The current negotiations for a national contract between Kaiser and UNAC/UHCP, along with twenty other unions in the Alliance of Health Care Unions, cover more than 50,000 workers across hundreds of job classifications in nearly every geographic area Kaiser serves.

“We can no longer sit back and watch the employer dismantle the partnership that’s been in place since 1997,” union President Denise Duncan, a nurse and chief negotiator on the union’s bargaining team, said in a statement.

The union said Kaiser has proposed 1% raises to nurses and others with significantly reduced pay for new hires.

“They are proposing a two-tiered wage scale, which means new nurses coming in won’t make nearly as much,” said Belinda Redding, a registered nurse at Kaiser’s Woodland Hills facility. “Can you imagine doing the same work as someone else in your department but making significantly less money?”

Redding said that would reduce morale and exacerbate Kaiser’s already chronic staffing shortages. New nurses wouldn’t hang around long, she said, and others would be dissuaded from applying for nursing jobs with Kaiser because of the reduced pay.

Kaiser nurses currently average $40 an hour and up, she said.

In a statement issued Monday, Kaiser said the union has mischaracterized the issue.

“Our employees represented by Alliance unions earn around 26% above the average market wage, and in some places it’s 38% above market levels,” the healthcare company said. “On Aug. 25, we offered a proposal that includes wage increases for all current employees and no changes to the current retirement plan. It also guarantees no wage cuts for current employees.”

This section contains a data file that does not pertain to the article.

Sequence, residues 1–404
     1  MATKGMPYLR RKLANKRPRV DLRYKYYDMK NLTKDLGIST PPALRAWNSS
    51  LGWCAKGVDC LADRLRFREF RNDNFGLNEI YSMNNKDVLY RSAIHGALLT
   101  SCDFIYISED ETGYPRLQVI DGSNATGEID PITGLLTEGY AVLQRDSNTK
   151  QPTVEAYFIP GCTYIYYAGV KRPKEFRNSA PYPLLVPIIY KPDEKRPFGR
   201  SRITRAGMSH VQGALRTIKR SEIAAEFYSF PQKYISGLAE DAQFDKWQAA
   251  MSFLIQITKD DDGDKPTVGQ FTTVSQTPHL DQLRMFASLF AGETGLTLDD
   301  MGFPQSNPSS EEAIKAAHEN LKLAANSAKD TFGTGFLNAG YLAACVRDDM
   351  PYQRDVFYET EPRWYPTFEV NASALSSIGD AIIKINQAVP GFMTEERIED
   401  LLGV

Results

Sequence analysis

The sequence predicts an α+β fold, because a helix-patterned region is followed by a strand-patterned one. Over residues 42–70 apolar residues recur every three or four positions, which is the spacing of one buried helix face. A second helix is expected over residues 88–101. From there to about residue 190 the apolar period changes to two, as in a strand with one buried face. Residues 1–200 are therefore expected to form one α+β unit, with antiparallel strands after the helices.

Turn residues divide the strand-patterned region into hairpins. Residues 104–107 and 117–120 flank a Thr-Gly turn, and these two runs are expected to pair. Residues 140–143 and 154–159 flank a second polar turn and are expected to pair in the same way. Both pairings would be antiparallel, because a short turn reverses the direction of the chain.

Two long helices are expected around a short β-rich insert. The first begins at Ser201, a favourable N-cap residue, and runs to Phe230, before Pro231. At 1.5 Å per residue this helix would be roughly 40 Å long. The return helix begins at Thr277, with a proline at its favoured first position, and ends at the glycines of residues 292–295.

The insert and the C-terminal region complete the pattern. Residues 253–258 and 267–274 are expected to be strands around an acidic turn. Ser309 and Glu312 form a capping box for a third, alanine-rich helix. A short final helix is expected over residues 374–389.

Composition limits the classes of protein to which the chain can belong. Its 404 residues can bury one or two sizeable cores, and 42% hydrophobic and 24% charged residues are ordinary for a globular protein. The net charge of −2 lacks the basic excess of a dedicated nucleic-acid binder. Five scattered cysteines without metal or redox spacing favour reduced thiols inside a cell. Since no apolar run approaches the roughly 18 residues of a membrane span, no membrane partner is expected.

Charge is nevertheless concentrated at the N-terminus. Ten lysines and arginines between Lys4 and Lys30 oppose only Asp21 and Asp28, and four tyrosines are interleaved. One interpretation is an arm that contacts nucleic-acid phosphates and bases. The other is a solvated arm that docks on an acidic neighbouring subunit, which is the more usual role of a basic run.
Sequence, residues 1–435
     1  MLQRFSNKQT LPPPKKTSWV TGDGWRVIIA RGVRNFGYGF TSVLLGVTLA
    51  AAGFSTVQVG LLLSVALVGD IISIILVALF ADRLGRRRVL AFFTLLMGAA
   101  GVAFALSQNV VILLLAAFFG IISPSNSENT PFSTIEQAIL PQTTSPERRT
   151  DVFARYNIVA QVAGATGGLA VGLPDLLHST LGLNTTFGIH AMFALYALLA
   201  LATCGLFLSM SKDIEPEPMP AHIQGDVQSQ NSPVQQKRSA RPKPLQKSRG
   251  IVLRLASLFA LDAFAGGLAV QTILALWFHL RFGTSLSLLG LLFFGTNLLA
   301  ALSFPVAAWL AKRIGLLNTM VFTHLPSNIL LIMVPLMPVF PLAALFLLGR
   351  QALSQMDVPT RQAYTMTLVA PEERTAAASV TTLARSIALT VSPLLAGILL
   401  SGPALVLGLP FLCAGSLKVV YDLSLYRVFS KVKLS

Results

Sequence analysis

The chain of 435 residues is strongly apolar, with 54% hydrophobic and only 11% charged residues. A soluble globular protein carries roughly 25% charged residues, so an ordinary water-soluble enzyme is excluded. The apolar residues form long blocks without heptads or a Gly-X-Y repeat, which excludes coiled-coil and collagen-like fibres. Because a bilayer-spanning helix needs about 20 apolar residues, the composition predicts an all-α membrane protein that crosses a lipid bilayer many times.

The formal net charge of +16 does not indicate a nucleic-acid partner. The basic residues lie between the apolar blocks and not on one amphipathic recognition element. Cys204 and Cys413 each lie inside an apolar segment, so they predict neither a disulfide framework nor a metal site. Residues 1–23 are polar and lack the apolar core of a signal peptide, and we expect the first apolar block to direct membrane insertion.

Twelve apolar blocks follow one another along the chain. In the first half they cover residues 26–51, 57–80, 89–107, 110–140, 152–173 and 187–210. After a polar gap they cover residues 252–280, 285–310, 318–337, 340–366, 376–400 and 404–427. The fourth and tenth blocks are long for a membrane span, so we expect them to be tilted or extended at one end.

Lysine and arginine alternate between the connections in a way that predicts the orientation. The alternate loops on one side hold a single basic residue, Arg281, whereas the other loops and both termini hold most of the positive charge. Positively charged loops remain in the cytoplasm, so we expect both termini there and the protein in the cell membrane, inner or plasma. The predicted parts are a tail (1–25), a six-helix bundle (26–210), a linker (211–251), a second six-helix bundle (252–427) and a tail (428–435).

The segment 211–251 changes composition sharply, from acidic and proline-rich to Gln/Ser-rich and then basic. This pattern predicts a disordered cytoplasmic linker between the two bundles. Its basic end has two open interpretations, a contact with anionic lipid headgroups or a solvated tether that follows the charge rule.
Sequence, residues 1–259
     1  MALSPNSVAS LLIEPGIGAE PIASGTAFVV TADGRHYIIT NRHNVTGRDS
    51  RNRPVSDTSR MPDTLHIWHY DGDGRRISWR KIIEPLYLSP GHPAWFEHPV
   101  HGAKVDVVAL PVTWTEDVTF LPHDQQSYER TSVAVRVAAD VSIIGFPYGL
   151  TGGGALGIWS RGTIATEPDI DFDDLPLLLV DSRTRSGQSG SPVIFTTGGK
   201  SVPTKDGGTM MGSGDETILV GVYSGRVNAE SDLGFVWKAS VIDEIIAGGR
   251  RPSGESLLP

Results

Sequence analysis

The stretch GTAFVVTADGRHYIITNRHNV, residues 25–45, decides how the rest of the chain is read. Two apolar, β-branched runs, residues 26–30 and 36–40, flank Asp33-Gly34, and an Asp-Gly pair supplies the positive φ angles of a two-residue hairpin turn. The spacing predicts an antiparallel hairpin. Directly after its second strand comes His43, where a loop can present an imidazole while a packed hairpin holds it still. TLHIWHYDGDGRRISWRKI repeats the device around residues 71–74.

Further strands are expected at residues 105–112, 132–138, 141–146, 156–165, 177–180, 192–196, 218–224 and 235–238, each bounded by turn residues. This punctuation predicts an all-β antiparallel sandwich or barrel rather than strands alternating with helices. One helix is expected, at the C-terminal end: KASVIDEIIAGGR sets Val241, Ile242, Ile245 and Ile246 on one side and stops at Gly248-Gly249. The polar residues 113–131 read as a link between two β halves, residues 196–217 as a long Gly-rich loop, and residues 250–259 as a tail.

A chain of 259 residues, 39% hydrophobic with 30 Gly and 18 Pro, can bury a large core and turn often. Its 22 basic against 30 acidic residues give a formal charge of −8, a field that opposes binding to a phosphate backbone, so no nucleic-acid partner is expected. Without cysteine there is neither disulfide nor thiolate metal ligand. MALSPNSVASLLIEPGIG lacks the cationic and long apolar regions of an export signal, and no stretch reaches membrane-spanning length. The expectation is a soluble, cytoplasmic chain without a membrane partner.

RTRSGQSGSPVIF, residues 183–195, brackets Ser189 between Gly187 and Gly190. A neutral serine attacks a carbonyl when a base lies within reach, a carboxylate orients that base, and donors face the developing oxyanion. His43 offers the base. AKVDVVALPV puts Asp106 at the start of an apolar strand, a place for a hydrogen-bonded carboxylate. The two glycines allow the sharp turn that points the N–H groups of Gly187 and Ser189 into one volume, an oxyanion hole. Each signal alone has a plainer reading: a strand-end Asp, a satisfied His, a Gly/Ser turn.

Kaiser said it’s proposing a “market-based compensation structure” for workers hired in 2023 and beyond that will allow them to be paid above market wages on average. That will allow Kaiser to continue attracting and retaining top talent, the statement said.

Union officials say overworked nurses are already facing record levels of exhaustion, depression, PTSD and burnout.

Hospitals and nursing homes around the nation are bracing for increased staff shortages as state deadlines arrive for healthcare workers to get vaccinated against COVID-19.

Ultimatums are taking effect this week in such states as California, New York, Rhode Island and Connecticut, prompting fears that some employees will quit or let themselves be fired or suspended rather than get the vaccine.

Kaiser said it has provided nearly $600 million in employee assistance to ensure that frontline employees have had access to alternate housing, special childcare grants and additional paid leave for COVID-19 illness and exposure.

Thousands of California hospital workers strike over 'critical staffing shortages' at nearly a third of hospitals in the state

Connor Perrett
Sat, October 16, 2021, 10:54 AM
Empty rooms in a California hospital ICU.
In this Thursday, April 9, 2020, file photo, the Intensive Care unit at the St. Vincent Medical Center building in Los Angeles is viewed. AP Photo/Damian Dovarganes
Thousands of healthcare workers in California have gone on strike or plan to strike, CalMatters reported.
They're striking over burnout and continued staffing shortages fueled by the coronavirus pandemic.
About a third of California hospitals reported "critical staffing shortages" to the federal government last week.
Thousands of healthcare workers in California have gone on strike or plan to strike over continued "critical staffing shortages" at nearly a third of the hospitals in the state.
According to a report from CalMatters, workers at more than two dozen hospitals in California went on strike at some point over the past four months. These workers included engineers, respiratory therapists, nurses, midwives, physical therapists, technicians, janitorial staff, according to the report.